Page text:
• Debra on December 7, 2023 at 5:55 pm

      Oh! That makes much more sense (the bolt-washer-nut idea). You can tell how non-handy I am. Will revise the text. And Audrey, if you come up with a way to hang pots that doesn’t involve a coir- or moss-lined wire basket, I’d love to know. Every year nesting birds strip my hanging pots down to the wires, leaving a mound of soil and plants clinging to life. I do leave nesting material out for them, but no, they’d rather have the pots.

      • Trish on December 7, 2023 at 6:58 pm

        Wrap your hanging pot liners in burlap to make them last longer. Pull diagonally on the corners of the square and fold the fabric into the planting area.
        I saw this on an old TV show of Martha Stewart.

        • Debra on December 7, 2023 at 8:08 pm

          Hm…pretty sure I have burlap around here somewhere…but I wouldn’t put it past my garden’s nesting birds not to pull it apart, too! I’ve got three or four hanging baskets that need redoing because there’s no liner left.

  3. Susan on December 7, 2023 at 6:29 pm

    Thank you for the wonderful hacks! I just sighed when I saw the echies throwing up blooms because it looks so messy. Love your idea of putting them in water. You are so very helpful, and I appreciate all your hard work to share your knowledge. Best holiday wishes to you and yours.

    • Debra on December 7, 2023 at 8:06 pm

      You sweet thing! Thank you, Susan!

  4. Nurit Hermon on December 9, 2023 at 8:02 am

    Wonderful article. Not only is it useful, some of the hacks prove that you really care for the plants and even for the critters.

    • Debra on December 9, 2023 at 8:11 am

      Indeed I do. My dad was keenly aware of the natural world, something I took for granted about him. Now I really appreciate how he opened my eyes to everything from insects to stars. Your comment gave me a sweet reminder of him—thank you!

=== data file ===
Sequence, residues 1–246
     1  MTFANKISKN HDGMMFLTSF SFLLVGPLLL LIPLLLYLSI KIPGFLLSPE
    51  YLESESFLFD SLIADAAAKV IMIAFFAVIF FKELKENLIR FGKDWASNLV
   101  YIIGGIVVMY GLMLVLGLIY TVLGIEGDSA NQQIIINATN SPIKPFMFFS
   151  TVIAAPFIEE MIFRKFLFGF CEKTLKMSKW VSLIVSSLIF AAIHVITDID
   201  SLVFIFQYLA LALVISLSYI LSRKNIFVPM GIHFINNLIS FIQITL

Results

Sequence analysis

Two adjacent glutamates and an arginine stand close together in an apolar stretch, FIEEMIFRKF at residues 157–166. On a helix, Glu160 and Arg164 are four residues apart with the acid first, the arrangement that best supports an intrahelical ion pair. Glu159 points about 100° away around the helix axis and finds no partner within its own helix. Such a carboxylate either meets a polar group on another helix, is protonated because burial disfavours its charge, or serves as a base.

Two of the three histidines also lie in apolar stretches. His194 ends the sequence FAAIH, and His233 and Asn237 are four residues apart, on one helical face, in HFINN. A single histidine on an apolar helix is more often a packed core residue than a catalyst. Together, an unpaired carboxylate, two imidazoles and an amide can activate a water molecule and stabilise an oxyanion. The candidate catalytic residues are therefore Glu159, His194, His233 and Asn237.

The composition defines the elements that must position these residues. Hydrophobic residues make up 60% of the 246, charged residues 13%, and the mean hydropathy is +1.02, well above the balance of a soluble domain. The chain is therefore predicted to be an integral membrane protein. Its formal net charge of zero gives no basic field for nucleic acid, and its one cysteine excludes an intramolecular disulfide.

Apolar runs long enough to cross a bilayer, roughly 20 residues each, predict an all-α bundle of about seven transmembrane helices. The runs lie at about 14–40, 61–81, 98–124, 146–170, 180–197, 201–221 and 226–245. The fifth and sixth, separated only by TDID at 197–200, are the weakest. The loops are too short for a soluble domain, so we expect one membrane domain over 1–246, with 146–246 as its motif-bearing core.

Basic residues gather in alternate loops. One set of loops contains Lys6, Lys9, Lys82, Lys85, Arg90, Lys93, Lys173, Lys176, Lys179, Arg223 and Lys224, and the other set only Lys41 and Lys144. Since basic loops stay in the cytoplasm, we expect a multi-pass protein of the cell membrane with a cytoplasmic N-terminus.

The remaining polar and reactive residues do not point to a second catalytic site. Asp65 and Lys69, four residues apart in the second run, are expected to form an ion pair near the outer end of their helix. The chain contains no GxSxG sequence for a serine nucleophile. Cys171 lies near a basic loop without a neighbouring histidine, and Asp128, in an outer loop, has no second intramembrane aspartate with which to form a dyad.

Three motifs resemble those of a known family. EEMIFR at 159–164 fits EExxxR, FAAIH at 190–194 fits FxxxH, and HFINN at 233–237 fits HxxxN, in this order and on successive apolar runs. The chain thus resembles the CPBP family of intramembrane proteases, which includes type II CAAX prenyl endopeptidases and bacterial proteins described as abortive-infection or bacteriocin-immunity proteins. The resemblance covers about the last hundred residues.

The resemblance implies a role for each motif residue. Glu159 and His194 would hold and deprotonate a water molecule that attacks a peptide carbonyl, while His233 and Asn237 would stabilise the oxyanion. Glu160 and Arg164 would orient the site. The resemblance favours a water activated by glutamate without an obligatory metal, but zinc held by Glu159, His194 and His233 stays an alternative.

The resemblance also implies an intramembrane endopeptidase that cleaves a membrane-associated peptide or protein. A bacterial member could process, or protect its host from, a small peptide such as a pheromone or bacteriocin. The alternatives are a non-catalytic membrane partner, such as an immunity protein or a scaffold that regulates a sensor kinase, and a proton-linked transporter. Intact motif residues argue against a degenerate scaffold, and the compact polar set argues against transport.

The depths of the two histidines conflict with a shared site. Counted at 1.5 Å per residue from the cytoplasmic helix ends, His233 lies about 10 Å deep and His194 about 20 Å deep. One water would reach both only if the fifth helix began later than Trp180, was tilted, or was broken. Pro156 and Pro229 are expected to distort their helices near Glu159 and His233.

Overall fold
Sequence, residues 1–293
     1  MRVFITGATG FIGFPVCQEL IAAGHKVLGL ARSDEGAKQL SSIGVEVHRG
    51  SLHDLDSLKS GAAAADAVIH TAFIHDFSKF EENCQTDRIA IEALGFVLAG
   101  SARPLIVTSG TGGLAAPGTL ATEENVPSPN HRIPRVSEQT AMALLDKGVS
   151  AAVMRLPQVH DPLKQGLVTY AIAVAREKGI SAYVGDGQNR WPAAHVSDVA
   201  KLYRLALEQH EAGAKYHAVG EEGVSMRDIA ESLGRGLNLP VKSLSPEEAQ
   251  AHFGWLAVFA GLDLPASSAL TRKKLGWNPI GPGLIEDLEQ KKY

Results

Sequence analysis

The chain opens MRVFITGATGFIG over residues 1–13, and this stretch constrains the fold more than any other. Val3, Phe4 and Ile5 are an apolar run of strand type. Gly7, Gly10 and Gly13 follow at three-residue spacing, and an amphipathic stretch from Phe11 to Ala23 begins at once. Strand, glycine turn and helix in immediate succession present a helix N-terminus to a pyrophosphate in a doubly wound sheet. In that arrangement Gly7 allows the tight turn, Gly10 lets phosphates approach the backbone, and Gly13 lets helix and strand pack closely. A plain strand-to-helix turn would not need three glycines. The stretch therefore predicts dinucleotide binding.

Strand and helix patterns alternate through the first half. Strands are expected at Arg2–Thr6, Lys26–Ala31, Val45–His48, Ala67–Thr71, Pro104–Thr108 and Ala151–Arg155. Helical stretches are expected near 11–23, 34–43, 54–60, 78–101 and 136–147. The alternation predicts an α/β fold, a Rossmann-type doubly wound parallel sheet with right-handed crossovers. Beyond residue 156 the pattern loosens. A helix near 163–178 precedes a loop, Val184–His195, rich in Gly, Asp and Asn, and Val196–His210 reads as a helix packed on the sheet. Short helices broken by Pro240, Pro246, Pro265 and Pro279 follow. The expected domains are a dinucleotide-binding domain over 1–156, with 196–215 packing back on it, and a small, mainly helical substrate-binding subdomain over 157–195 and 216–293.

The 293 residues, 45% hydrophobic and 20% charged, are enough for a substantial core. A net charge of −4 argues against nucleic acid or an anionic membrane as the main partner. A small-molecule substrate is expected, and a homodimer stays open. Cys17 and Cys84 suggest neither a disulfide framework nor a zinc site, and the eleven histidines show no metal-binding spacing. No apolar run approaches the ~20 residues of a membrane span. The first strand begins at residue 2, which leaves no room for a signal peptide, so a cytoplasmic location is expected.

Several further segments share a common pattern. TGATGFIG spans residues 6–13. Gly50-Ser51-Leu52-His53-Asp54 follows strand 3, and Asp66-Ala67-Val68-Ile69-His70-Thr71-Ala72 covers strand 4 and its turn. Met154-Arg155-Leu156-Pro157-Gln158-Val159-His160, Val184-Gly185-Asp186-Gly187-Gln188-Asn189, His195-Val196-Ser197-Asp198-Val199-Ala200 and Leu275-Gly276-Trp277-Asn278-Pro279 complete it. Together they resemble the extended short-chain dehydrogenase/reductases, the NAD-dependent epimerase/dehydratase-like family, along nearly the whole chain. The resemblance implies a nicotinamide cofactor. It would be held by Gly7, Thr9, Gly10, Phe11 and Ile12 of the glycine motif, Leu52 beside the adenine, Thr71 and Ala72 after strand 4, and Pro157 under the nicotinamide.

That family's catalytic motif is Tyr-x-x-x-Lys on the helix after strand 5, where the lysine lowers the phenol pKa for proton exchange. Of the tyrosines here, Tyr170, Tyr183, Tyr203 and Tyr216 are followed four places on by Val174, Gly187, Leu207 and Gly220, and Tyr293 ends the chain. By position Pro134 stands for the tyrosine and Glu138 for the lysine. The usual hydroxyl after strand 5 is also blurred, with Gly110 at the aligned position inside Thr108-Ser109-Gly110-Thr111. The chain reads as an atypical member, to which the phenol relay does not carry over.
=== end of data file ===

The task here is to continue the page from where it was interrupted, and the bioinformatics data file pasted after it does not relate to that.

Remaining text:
5. Mike on December 9, 2023 at 1:34 pm

    Thank you for this post! My favorite is the Echeveria flower hack: I’ve been putting up with a disfigured plant when I want to enjoy the blooms. I’m definitely going to try this next time! How far along do you let the buds develop before cutting the inflorescence?

    Unfortunately, like you, I learned the lizard-ladder hack the hard way. 🙁 I also learned to never, ever use a sticky rat trap in the garden. At least I found the poor lizard victim while he was still alive, but it took me the better part of 2 hours to free him and clean the sticky goo off his feet (q-tips & warm water- I was afraid of using soap or anything stronger for fear of hurting him further).

    Also, if I may comment- it’s not osmosis that will draw water into a pot from the bottom, it’s capillary action due to pore spaces in the soil matrix coupled with the surface tension of water, along with water’s adhesive and cohesive forces. Osmosis is a very different process. Hopefully not too geeky. 🙂

    • Debra on December 9, 2023 at 2:36 pm

      Hi Mike — Hm. Capillary action…good to know. Not too geeky at all! You describe it very well. I got this off the Internet just now: “In biology, osmosis is the movement of water molecules from a solution with a high concentration of water molecules to a solution with a lower concentration of water molecules, through a cell’s partially permeable membrane.” The way raisins plump is an example, as is the way our fingertips get wrinkly when in water for awhile.

      I wait to cut an echeveria bloom stalk until it seems to have stopped growing, buds have formed, and a few have opened. Those that have yet to open continue to mature even after the stalk is cut. (Though now I’m wondering if severing the stalk lessens hydraulic pressure needed to open all the buds.)

      I know. Those sticky traps seem like a good idea, but once something gets stuck in them, it’s doomed to a slow, ghastly death. I can’t believe the box says they trap snakes…shudder… How wonderful that you were so determined to free the victim that you spent two hours doing so! Birds hop around on the ground, too. I’m still grieving a Bewick’s wren that got caught in a mousetrap.